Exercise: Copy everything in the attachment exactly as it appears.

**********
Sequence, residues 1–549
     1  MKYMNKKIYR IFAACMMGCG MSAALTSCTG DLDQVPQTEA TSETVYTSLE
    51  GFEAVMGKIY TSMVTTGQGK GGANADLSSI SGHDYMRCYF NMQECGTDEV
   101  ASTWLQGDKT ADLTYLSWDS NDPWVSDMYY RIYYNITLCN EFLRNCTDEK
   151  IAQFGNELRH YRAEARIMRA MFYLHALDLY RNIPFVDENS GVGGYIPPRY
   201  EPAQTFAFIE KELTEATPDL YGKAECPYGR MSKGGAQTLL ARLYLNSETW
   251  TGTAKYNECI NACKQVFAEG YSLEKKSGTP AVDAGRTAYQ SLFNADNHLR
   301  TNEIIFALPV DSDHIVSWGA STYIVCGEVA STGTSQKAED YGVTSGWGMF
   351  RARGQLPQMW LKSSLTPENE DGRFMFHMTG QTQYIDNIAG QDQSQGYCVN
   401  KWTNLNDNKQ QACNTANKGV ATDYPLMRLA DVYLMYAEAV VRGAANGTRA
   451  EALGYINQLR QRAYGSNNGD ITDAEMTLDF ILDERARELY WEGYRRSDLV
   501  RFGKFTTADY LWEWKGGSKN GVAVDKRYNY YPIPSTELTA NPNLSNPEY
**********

Sequence, residues 1–549
     1  MKYMNKKIYR IFAACMMGCG MSAALTSCTG DLDQVPQTEA TSETVYTSLE
    51  GFEAVMGKIY TSMVTTGQGK GGANADLSSI SGHDYMRCYF NMQECGTDEV
   101  ASTWLQGDKT ADLTYLSWDS NDPWVSDMYY RIYYNITLCN EFLRNCTDEK
   151  IAQFGNELRH YRAEARIMRA MFYLHALDLY RNIPFVDENS GVGGYIPPRY
   201  EPAQTFAFIE KELTEATPDL YGKAECPYGR MSKGGAQTLL ARLYLNSETW
   251  TGTAKYNECI NACKQVFAEG YSLEKKSGTP AVDAGRTAYQ SLFNADNHLR
   301  TNEIIFALPV DSDHIVSWGA STYIVCGEVA STGTSQKAED YGVTSGWGMF
   351  RARGQLPQMW LKSSLTPENE DGRFMFHMTG QTQYIDNIAG QDQSQGYCVN
   401  KWTNLNDNKQ QACNTANKGV ATDYPLMRLA DVYLMYAEAV VRGAANGTRA
   451  EALGYINQLR QRAYGSNNGD ITDAEMTLDF ILDERARELY WEGYRRSDLV
   501  RFGKFTTADY LWEWKGGSKN GVAVDKRYNY YPIPSTELTA NPNLSNPEY